a poem on thursday: high summer

This week Madeline Bea's prompt was traditional.  Keeping with "my tradition" albeit short-lived, I started with a poem - a traditional sonnet.  My mind immediately wandered to "shall I compare thee to a summer's day", but since this is supposed to be about me exploring unknown poets and poetry I kept searching.  Ebenezer Jones' High Summer was the answer.

No mixed-media image this week.  The creative juices weren't up to the challenge, so some pretty pictures instead.

High Summer

by Ebenezer Jones

I never wholly feel that summer is high,

However green the trees, or loud the birds,

However movelessly eye-winking herds

Stand in field ponds, or under large trees lied

Till I do climb all cultured pastures by,

That hedged by hedgerows studiously fretted trim,

Smile like a lady's face with lace laced prim,

And on some moor or hill that seeks the sky

Lonely and nakedly,--utterly lie down,

And feel the sunshine throbbing on body and limb,
My drowsy brain in pleasant drunkenness swim,

Each rising thought sink back and dreamily drowns

Smiles creep o'er my face, and smother my lips, and cloy,

Each muscle sink to itself, and separately enjoy.


Em said...

I love poetry - and this particular poem! Thanks for posting and introducing us to different poets!

Anonymous said...

With you on the other side of the world, your poetry selection often prompts me to seek the Australian response - and often the response is diametrically opposed. No more so than writing of summer - whereas those in the northern hemisphere revel in its warmth, those in the southern hemisphere seek shelter from its brutality. And this is not new - here is an offering from an early poet. SB

I am weary,
Weary of bracing myself against the sun’s hot hand;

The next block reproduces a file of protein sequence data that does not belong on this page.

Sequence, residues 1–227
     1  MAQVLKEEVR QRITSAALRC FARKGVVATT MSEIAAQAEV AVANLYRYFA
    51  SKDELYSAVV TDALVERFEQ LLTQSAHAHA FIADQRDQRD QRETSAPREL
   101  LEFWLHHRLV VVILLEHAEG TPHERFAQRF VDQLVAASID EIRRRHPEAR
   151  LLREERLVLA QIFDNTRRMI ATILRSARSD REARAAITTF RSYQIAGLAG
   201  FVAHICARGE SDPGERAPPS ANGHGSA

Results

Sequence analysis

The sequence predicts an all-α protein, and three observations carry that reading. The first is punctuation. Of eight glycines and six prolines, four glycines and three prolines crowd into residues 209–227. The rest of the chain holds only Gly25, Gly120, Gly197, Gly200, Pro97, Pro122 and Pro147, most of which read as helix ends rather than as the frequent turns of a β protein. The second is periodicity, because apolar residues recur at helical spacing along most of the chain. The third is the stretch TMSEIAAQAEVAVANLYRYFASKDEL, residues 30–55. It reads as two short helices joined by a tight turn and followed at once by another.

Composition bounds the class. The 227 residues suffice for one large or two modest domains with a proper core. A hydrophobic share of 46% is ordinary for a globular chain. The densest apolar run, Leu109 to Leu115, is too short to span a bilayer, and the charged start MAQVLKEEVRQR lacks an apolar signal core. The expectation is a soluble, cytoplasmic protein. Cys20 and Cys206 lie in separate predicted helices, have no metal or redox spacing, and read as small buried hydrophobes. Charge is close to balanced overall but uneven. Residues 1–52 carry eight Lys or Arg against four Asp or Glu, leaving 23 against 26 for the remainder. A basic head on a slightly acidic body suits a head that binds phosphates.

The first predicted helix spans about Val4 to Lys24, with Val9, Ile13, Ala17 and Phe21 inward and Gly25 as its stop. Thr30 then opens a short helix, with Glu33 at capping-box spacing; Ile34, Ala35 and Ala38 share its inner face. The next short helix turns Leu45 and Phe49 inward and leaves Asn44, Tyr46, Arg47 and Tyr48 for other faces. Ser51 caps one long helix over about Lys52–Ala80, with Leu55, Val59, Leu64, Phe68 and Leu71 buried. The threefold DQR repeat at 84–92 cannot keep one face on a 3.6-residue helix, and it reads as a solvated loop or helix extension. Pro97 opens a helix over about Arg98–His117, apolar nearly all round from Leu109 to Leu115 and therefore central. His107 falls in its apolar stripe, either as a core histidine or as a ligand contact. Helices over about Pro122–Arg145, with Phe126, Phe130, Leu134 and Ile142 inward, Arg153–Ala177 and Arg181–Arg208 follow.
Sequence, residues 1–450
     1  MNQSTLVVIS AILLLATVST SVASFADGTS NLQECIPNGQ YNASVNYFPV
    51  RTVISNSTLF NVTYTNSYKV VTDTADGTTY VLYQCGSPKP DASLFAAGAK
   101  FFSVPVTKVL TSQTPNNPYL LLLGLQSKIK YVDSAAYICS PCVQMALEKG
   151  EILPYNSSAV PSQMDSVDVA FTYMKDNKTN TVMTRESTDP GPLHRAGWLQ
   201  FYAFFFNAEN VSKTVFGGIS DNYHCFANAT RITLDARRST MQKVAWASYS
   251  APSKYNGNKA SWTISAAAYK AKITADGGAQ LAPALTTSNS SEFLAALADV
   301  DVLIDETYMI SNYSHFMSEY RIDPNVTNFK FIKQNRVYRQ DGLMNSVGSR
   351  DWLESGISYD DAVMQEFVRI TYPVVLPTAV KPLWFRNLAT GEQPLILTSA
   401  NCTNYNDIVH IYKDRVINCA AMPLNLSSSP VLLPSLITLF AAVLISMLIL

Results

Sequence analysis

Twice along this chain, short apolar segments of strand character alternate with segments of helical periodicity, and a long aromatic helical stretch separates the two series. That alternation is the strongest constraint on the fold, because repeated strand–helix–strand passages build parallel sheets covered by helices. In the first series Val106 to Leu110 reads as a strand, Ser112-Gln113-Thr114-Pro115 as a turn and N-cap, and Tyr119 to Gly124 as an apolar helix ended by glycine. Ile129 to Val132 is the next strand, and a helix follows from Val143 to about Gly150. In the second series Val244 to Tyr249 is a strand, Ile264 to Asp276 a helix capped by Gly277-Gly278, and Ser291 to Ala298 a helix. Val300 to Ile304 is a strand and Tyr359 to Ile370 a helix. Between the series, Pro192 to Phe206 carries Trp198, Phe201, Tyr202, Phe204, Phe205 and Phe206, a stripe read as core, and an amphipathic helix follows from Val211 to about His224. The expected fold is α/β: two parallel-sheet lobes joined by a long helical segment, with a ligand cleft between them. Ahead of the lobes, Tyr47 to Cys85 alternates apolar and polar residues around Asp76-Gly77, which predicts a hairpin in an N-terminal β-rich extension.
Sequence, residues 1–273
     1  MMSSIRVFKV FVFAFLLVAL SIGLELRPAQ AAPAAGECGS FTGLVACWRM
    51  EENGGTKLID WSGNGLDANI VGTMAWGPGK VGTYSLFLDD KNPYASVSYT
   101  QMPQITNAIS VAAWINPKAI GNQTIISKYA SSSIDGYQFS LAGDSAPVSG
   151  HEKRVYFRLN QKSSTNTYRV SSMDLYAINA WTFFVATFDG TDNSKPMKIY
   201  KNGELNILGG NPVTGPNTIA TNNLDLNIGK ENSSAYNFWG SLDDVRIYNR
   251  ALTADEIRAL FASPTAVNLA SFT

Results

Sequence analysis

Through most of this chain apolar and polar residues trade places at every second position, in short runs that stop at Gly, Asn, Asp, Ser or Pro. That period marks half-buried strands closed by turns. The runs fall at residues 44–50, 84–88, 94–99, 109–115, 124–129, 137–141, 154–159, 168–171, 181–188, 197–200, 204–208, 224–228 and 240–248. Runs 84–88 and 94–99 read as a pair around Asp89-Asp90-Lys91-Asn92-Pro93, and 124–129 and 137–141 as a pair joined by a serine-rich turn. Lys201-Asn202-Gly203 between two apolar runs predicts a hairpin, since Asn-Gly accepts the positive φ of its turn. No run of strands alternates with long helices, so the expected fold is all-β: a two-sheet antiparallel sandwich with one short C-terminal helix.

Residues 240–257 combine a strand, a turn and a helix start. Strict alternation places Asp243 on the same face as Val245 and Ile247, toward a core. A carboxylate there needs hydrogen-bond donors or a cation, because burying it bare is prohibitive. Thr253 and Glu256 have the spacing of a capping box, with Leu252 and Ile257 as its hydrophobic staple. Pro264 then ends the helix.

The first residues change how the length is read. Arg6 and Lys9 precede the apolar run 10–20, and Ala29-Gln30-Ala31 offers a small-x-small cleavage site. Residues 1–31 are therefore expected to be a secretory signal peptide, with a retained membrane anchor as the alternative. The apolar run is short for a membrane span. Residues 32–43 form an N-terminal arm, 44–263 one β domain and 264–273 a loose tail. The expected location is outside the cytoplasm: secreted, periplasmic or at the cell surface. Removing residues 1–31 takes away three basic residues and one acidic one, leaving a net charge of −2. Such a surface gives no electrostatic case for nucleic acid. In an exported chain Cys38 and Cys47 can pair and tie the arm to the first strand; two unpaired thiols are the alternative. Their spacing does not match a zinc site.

I am weary, and I dream of cool places . . . .

I see a grassy couch
Under a canopy of leaves;
A reedy river murmers by,
Crooning an old, old melody
Tuned to a long-forgotten scale,
Made when the world was young.

Rolled to the river’s edge the hills lie fast asleep;
Pale stars slip o’er their ledge and sink into the deep:
Down in the deep they sink to slumbrous peace,
Down in the deep they drink the water of peace;
In the quiet deep they quench their fires in sleep
And drown in a cool green dream.

The sun insists his burning hand upon my head;
I am weary, and I dream of cool places.

Louis Lavater: 1867 - 1953

Clare B said...

Great Poem! Although I think you'd find that most people in Berlin would very much relate to it - it's been above 25 degrees (and often more like 32-35) for three weeks. Pretty perfect conditions for an Australian summer and I'm loving it, but the northern Europeans are finding it a little too much!

justinegordon said...

saw you on the sunday creative, these are such lovely photographs

Diana Mieczan said...

Great poem and those photos are perfect for it:)


Maegan Beishline said...

Gorgeous images! And what a perfect 'traditional' sonnet for this time of year! Love this entire post!